President Obama will call for a three-year freeze in spending on many domestic programs, including education, and for increases no greater than inflation after that — an initiative intended to signal his seriousness about cutting the budget deficit, reports the New York Times. Administration officials said the proposal, which could affect schools already struggling with steep cuts to state and local budgets, would be a major component of Obama’s State of the Union address on Jan. 27 and of the FY2011 budget he will send to Congress on Feb. 1. The freeze would cover the agencies and programs for which Congress allocates specific budgets each year, including education, but it would exempt security-related budgets for the Pentagon, foreign aid, the Veterans Administration, and homeland security, as well as the entitlement programs that make up the biggest and fastest-growing part of the federal budget: Medicare, Medicaid, and Social Security. The payoff in budget savings would be small relative to the deficit, but it could have important political implications: Perceptions that government spending is out of control have contributed to Obama’s loss of support among independent voters. Administration officials are working with Congress on roughly $150 billion in additional stimulus spending and tax cuts to spur job creation. But much of that spending would be authorized in the current fiscal year, so it would not be affected by the proposed freeze that would take effect in the fiscal year beginning Oct. 1…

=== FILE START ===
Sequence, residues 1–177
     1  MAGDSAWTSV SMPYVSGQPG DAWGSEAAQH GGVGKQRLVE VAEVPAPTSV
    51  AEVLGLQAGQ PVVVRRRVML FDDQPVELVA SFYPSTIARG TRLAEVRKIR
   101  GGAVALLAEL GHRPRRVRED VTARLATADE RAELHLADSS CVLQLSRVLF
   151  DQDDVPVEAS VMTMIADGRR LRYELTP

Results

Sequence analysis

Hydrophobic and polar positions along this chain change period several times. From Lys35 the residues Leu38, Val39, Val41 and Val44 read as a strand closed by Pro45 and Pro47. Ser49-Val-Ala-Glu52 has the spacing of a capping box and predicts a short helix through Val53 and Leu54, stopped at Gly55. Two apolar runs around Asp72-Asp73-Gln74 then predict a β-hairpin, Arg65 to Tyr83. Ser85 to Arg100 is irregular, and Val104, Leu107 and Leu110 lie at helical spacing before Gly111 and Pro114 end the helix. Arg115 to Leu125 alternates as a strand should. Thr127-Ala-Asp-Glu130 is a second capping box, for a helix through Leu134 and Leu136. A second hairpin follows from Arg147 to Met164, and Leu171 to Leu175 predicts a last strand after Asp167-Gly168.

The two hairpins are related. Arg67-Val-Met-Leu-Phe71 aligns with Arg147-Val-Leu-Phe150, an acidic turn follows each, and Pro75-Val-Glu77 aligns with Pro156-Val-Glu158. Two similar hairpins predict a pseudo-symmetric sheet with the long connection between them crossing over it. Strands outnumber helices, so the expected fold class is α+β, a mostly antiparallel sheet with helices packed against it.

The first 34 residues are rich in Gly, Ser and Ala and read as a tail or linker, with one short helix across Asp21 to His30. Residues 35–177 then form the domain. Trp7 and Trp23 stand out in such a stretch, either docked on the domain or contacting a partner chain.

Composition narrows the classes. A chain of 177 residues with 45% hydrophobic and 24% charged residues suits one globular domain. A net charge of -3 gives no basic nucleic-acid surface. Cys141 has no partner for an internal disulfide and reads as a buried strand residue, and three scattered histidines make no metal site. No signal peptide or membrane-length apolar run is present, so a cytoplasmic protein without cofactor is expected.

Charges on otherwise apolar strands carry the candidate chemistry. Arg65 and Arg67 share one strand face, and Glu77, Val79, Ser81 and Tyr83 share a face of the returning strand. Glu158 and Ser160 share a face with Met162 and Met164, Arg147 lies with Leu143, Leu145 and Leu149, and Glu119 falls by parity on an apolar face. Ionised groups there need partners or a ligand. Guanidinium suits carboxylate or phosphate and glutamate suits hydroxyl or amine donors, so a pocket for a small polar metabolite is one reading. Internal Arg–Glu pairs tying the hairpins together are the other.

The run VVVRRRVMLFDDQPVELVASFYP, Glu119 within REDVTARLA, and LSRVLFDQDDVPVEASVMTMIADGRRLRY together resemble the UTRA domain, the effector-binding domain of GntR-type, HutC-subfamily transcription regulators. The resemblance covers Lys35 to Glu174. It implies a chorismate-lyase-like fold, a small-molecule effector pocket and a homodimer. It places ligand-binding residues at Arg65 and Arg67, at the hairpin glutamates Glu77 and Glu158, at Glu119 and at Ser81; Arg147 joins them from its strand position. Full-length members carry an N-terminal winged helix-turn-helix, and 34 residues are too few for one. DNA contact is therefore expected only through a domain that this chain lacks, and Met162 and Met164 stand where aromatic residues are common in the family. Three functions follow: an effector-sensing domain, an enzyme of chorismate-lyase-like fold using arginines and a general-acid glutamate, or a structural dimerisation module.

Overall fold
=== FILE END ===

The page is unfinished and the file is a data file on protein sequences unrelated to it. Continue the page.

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About the Author:

Meris Stansbury

Meris Stansbury is the Editorial Director for both eSchool News and eCampus News, and was formerly the Managing Editor of eCampus News. Before working at eSchool Media, Meris worked as an assistant editor for The World and I, an online curriculum publication. She graduated from Kenyon College in 2006 with a BA in English, and enjoys spending way too much time either reading or cooking.

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